FBI Director Robert S. Mueller III has formally admonished the bureau official who oversees internal discipline for poor judgment in the treatment of an outspoken whistle-blower, according to documents released yesterday.

Robert Jordan, who heads the FBI's Office of Professional Responsibility, also will lose a salary bonus and will be required to take part in counseling, Mueller acknowledged in a letter to Sen. Charles E. Grassley (R-Iowa).

The punishments are the latest step in a months-long battle over the case between Mueller and Grassley, who has been sharply critical of what he calls a clubby atmosphere in the senior ranks of the FBI that has served to insulate top employees from discipline.

The flap centered on John E. Roberts, a unit chief who leads employee misconduct investigations under Jordan. Roberts told Congress last year that his career had been damaged after he helped uncover flaws in the FBI's handling of the deadly 1992 siege at Ruby Ridge, Idaho.

But when Roberts repeated similar criticisms in an October television interview, Jordan allegedly humiliated Roberts during a staff meeting and picked someone else to serve as an acting assistant in the department.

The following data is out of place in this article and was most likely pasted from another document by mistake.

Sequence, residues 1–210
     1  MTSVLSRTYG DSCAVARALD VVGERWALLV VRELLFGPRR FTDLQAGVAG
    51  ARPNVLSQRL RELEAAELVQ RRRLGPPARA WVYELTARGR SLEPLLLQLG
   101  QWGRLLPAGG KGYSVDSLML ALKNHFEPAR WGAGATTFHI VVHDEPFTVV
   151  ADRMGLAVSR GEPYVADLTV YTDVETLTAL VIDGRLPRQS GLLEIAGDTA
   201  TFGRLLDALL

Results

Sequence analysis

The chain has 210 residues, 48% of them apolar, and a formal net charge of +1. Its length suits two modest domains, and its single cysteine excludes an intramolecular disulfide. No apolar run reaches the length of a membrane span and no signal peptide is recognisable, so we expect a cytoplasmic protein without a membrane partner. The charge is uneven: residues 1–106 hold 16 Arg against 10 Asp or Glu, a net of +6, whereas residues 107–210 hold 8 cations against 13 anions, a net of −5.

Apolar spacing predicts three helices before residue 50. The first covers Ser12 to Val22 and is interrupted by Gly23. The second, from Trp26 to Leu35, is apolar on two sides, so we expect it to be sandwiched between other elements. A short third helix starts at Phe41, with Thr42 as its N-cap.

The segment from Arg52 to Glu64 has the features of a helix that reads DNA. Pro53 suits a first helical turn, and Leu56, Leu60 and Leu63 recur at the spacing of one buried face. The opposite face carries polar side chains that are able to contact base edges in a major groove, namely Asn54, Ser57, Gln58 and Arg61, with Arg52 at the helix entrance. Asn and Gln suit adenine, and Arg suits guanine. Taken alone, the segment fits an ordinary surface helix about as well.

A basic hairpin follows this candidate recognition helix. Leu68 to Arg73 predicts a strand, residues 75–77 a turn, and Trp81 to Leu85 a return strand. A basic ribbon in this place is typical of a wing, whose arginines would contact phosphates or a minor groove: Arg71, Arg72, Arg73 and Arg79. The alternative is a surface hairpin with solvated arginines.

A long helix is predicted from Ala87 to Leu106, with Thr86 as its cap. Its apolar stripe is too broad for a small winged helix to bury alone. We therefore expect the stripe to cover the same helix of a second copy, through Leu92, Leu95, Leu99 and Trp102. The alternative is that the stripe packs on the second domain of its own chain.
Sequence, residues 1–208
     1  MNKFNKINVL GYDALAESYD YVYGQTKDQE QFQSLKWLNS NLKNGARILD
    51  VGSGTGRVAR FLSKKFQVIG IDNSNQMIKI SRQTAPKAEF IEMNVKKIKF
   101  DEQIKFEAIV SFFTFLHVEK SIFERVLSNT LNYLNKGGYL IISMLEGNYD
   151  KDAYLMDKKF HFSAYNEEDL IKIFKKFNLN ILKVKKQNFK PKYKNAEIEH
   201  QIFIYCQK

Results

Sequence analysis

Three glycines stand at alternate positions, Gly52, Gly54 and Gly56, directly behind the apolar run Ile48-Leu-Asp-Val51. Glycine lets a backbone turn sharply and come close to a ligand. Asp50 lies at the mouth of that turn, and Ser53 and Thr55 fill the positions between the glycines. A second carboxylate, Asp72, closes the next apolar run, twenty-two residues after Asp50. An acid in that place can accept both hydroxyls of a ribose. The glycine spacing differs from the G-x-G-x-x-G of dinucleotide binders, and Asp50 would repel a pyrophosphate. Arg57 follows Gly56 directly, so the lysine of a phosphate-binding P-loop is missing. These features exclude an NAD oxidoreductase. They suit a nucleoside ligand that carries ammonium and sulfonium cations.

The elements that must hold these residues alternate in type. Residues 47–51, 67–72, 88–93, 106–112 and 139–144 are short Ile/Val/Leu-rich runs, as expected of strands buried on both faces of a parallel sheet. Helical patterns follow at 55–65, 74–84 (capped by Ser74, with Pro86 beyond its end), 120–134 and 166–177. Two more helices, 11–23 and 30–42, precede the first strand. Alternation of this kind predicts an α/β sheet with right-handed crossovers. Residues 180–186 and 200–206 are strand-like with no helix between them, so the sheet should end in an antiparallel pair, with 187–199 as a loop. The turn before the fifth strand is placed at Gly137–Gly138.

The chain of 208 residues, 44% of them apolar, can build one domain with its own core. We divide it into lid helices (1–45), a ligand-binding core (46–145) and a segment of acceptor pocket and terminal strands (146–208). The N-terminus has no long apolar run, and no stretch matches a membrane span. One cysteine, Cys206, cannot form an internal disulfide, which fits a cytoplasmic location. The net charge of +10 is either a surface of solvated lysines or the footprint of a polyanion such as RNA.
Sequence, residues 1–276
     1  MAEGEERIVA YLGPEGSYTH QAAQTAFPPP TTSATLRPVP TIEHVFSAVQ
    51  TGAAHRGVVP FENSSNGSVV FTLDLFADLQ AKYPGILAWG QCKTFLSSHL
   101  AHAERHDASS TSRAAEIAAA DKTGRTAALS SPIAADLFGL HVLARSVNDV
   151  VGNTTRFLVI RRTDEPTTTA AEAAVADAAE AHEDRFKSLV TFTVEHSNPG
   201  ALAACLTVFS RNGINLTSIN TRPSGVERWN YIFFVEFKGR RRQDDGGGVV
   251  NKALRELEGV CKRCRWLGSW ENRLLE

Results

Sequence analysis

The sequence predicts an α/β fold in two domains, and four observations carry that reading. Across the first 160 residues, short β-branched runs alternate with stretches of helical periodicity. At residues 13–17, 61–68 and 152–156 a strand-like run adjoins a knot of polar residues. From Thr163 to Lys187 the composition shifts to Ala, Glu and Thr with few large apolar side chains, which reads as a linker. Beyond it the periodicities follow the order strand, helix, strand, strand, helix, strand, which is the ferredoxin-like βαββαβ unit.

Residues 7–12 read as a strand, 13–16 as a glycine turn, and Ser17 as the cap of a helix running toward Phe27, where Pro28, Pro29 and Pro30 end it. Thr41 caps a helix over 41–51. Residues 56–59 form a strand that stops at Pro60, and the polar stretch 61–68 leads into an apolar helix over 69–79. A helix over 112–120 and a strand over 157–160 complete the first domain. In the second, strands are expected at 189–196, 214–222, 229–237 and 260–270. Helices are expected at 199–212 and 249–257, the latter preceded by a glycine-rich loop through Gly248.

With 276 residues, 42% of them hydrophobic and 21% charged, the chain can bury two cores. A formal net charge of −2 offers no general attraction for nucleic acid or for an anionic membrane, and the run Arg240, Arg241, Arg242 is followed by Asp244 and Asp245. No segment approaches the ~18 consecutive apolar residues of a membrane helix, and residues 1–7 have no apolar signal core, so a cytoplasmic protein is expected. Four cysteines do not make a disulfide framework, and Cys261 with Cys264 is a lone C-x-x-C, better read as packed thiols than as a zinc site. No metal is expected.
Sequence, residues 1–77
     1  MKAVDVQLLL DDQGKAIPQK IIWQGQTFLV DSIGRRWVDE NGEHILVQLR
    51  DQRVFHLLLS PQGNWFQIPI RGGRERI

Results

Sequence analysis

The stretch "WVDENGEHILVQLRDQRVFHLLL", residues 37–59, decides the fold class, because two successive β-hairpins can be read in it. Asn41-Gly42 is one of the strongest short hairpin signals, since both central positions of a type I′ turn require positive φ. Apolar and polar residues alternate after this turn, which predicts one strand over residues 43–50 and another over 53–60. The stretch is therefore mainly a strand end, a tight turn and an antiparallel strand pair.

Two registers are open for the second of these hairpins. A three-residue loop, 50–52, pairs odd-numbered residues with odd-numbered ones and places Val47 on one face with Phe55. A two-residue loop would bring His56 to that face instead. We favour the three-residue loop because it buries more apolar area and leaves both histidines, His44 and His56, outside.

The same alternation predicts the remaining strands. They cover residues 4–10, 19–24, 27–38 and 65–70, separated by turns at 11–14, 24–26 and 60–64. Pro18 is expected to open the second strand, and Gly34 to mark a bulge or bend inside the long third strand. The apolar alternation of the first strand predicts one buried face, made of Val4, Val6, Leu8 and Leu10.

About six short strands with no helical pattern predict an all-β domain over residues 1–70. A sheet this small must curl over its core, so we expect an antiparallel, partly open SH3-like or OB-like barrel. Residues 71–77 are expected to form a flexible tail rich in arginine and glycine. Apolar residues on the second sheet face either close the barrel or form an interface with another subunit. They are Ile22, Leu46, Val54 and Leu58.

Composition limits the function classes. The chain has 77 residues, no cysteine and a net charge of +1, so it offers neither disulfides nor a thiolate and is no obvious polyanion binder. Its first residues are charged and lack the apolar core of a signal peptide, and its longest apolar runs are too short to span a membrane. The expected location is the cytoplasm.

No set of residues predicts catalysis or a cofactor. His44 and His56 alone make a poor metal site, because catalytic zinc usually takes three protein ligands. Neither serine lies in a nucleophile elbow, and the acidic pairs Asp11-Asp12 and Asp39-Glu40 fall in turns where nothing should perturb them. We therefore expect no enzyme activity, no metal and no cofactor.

The Justice Department's inspector general, Glenn A. Fine, determined that Jordan did not intentionally retaliate against Roberts, but said he exhibited poor judgment and had left "the clear appearance of retaliation" in his actions, according to a memo he wrote that was released by Grassley yesterday. Mueller followed Fine's recommendations in meting out punishment for the incidents.

"Mr. Jordan has accepted these measures, and has expressed his intent to learn from his experience and to demonstrate that the events. . . . were isolated incidents," Mueller wrote in a letter to Grassley on Thursday.

Grassley said in a statement that "while this is a positive step, I still expect to see answers from the director as to why Mr. Jordan should remain in his current position.

"I hope in the future we learn that this case is the exception and not the rule at the FBI," he said.

Such a rebuke is rare for a senior executive at the FBI, which has been widely criticized for treating top officials with more leniency than mid- and low-level employees. Mueller, who became director amid promises of reform, has promised lawmakers that retaliation against whistle-blowers will not be tolerated.